Refocusing on ECHR Territorial ‘Grey Zones’
In the past I have argued that the CoE must be much more resolute in its engagement with legacy and emerging conflicts in Europe. Many conflict-affected areas in Europe are also known as territorial ‘grey zones’ from a human rights perspective. They are contested European territories which normally lie within the ECHR area, but whose full access to the monitoring, advisory and judicial mechanisms of the Council of Europe is severely curtailed for a variety of reasons. There are at least nine such grey zones in Europe, examples include Transnistria, Nagorno-Karabakh, Northern Cyprus, Abkhazia, South Ossetia, Crimea and Kosovo. Many of them are within Russia’s sphere of influence. Each is symptomatic of a serious political stalemate often with unique features, but are characterized by the common lack of full and unhindered access to (and by) CoE human rights monitoring and advisory mechanisms. The existence of these and other grey zones, such as Donetsk and Luhansk, poses a major strategic risk to the integrity of the Convention system. Though the circumstances in Northern Cyprus are very different to those in Abkhazia for example, in both cases ECHR rights holders are deprived of access to the full rigors of the ECHR system, which is an affront to European public order.
Although Article 1.d of the Statute provides that ‘[m]atters relating to national defence do not fall within the scope of the CoE’ this does not, in any way, rule out political engagement by the CoE on matters of peace and security particularly when framed in the context of the protection of human rights. I would argue that the CoE has a public order (ordre public) obligation to play a more active and assertive, not passive and retiring, role when it comes to such conflict zones in Europe. This ordre public imperative is inextricably linked to the object and purpose of the ECHR to protect individual human rights.
This leads me to my second observation on the impact of this crisis on the CoE: the likelihood of significantly greater focus on European territorial ‘grey zones’ into the future. Though the CoE has taken a largely laissez-faire approach to human rights protection in territorial grey zones over the past two decades given the challenges associated with such engagement, the current crisis is likely to mark a decisive turning point.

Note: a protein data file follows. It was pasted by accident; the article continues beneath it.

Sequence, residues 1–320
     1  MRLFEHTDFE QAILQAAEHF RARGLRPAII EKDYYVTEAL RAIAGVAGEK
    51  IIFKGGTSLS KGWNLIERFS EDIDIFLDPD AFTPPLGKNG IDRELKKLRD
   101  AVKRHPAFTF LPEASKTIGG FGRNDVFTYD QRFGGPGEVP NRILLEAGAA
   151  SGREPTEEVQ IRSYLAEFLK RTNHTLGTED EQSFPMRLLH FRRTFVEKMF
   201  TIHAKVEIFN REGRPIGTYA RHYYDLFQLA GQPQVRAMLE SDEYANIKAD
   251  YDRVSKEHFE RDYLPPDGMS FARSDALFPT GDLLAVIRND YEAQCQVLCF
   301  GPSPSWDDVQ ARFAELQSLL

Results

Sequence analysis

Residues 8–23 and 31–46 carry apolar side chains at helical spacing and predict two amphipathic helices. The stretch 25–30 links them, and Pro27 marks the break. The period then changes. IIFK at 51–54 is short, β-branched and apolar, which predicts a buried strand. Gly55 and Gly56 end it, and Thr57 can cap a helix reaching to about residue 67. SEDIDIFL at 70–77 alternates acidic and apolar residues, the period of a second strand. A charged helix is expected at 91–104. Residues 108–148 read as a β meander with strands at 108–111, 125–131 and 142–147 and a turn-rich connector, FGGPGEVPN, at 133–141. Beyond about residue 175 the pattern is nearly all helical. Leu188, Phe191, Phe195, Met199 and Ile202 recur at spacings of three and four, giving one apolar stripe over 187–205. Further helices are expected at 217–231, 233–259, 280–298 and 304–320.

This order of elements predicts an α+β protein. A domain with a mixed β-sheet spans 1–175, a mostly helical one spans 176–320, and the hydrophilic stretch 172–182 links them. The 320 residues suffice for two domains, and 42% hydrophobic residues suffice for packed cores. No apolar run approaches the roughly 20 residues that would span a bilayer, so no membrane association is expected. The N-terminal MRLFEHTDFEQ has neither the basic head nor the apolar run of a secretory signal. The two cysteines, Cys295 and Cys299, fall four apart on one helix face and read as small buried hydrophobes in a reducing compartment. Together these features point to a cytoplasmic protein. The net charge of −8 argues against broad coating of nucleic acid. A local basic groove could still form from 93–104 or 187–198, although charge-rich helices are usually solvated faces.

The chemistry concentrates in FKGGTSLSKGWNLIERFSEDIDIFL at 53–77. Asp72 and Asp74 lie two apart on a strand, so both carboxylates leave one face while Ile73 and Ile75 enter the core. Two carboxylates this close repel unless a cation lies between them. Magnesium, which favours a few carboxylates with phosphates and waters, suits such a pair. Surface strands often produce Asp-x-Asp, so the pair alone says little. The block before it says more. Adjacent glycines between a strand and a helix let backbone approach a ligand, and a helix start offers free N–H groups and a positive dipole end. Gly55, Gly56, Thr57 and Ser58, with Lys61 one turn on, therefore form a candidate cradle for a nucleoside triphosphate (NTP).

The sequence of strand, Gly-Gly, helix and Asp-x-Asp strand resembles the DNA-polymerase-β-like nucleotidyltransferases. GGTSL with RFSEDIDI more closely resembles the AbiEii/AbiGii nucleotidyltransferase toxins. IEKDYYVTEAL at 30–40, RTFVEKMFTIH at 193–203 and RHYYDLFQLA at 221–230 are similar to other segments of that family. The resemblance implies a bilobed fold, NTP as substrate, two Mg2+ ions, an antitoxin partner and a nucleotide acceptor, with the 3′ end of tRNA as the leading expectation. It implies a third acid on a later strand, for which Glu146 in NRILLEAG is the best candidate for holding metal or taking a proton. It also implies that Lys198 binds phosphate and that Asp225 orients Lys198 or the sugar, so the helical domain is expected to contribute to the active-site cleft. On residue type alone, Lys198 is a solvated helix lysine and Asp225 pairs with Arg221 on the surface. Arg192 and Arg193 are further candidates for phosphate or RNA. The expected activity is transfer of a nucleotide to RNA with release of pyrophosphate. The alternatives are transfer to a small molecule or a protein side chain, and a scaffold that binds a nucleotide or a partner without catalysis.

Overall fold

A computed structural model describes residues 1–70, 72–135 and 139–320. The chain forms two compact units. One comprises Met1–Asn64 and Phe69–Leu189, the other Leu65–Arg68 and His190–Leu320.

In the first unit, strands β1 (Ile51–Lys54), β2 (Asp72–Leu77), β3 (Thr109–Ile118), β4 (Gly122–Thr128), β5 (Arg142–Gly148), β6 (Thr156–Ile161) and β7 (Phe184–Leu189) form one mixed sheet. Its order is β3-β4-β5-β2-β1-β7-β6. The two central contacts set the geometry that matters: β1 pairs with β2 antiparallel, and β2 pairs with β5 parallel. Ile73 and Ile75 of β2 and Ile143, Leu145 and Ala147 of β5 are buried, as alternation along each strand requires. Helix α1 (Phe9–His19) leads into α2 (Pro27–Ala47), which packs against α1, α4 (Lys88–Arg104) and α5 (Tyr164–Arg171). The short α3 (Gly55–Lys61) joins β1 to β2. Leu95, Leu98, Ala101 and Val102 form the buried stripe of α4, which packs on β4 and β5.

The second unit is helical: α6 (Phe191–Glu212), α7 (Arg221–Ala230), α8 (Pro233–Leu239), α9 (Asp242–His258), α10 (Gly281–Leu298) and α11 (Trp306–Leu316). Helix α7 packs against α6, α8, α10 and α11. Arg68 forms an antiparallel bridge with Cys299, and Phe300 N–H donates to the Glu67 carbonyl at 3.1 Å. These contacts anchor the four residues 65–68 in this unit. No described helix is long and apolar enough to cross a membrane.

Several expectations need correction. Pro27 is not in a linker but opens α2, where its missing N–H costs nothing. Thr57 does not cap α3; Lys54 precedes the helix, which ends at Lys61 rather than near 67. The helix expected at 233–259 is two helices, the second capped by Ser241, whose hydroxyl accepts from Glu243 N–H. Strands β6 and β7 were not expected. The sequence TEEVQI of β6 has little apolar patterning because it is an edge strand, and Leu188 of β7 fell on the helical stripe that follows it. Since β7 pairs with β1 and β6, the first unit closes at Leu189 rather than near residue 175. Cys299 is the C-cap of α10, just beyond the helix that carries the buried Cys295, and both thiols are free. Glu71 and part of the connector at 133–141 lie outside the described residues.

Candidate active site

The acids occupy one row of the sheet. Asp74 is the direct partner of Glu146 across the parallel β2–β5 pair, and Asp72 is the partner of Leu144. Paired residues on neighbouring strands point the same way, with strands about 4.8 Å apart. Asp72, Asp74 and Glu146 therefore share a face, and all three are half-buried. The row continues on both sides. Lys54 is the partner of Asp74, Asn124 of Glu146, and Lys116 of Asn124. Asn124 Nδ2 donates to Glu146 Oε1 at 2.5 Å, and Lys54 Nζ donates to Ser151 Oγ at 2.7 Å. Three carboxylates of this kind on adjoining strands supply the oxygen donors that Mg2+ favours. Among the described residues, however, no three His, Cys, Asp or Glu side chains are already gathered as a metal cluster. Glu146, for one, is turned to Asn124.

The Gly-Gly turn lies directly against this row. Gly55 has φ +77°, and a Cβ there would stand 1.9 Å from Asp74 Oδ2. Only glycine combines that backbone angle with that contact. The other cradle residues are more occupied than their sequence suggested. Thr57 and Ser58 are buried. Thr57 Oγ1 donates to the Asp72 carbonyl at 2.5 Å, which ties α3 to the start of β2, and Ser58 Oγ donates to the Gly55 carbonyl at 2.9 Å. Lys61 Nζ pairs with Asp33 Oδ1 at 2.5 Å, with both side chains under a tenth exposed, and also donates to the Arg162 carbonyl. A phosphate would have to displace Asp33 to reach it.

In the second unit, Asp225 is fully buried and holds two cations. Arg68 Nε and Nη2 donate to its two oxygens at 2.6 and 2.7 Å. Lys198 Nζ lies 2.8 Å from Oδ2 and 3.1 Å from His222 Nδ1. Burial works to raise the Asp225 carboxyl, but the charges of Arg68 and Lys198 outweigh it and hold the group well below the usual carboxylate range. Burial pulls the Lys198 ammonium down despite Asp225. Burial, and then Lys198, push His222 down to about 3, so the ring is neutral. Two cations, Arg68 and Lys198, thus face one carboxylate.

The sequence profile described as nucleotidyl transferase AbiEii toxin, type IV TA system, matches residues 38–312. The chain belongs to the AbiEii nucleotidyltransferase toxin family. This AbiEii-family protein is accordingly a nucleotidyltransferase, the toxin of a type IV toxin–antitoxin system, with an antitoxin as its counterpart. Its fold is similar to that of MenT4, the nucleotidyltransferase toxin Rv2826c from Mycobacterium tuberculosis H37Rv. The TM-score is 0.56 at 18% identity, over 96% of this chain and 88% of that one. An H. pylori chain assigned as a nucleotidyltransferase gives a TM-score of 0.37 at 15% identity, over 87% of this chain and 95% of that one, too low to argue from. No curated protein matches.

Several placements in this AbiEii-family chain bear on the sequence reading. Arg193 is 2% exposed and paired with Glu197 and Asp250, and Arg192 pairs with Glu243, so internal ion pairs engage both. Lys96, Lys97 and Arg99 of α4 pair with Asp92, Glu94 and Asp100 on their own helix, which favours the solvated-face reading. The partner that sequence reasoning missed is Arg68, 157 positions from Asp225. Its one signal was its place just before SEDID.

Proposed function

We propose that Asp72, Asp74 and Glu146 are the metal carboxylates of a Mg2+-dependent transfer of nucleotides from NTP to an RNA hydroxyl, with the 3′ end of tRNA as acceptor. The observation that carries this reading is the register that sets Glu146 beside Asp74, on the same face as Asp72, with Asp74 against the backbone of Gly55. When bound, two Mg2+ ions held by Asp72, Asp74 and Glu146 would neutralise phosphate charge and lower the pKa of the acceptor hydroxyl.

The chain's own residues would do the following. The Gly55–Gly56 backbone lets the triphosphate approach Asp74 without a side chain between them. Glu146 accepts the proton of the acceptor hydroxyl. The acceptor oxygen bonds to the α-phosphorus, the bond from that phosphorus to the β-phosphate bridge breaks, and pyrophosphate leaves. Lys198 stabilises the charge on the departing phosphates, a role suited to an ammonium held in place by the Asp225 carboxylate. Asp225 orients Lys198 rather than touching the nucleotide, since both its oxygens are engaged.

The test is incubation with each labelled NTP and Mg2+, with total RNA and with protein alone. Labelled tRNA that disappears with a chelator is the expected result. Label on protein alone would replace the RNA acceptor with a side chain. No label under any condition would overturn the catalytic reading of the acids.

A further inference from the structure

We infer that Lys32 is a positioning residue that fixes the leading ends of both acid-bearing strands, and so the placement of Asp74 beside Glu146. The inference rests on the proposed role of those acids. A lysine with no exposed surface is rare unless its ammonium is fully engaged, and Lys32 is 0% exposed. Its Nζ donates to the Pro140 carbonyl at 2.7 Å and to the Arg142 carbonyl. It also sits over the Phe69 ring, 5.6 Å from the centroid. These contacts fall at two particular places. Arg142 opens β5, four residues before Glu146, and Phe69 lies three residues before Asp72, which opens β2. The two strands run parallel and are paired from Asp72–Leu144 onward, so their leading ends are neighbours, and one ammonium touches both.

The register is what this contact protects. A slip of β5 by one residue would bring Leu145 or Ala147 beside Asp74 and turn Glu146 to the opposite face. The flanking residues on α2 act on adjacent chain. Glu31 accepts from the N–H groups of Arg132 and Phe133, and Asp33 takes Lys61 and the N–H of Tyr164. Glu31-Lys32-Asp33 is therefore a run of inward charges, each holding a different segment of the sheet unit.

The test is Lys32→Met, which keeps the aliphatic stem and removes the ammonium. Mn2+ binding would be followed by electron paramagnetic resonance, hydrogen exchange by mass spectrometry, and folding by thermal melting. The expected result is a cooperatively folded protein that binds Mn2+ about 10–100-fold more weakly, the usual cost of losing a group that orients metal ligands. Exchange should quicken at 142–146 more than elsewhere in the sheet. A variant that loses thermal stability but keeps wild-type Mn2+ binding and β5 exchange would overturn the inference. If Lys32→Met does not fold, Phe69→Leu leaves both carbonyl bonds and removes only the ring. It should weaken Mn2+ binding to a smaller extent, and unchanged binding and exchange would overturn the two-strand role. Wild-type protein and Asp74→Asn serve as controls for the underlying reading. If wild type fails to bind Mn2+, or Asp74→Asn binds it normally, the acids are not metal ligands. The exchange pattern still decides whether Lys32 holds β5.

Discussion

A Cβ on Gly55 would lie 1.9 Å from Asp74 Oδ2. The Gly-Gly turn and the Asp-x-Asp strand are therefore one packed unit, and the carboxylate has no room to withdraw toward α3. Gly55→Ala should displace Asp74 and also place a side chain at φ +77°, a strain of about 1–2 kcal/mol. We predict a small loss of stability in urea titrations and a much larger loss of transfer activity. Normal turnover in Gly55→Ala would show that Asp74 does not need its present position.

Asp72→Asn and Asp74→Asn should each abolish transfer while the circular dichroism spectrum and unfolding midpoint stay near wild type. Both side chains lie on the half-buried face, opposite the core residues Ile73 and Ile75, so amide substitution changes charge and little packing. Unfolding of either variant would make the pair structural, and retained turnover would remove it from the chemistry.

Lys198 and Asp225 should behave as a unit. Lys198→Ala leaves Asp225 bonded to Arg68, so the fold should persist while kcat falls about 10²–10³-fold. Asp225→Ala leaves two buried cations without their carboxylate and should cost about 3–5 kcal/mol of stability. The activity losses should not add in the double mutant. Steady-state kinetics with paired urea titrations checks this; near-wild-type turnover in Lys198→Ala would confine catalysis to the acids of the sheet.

The invasion of Ukraine, ostensibly based on Russian concerns over the humanitarian situation in the Donbas, has laid bare the serious risk of such regions being misused as a pretext for war or for other malign political motives. Furthermore, the lack of consistent and meaningful engagement by the CoE in such regions, seriously reduces the organisation’s ability to understand and respond to actual human rights and rule of law needs. Such circumstances disenfranchise local populations and present ripe conditions for the deterioration of rights protection. Member states of the CoE understand now that the term “frozen conflict” is a treacherous misnomer.
The statutory actors (Committee of Ministers, Parliamentary Assembly and Secretary General) and non-statutory actors (Commissioner for Human Rights, Committee for the Prevention of Torture, Venice Commission and others) all have a role in this regard, as will the CoE’s most innovative programme tool, the Confidence Building Measures (CBM) Programme. The organisation must first be open to playing a constructive, status-neutral role, only then can it potentially deploy its unique capacities to monitor human rights standards and build capacities of public officials and civil society to improve rights protection. Likewise, engagement at the level of Parliaments and local authorities via the PACE and Congress is a critical way to build trust and understanding. None of this is Political, and any attempt to portray such fundamental work for the democratic security of Europe as such should be rejected.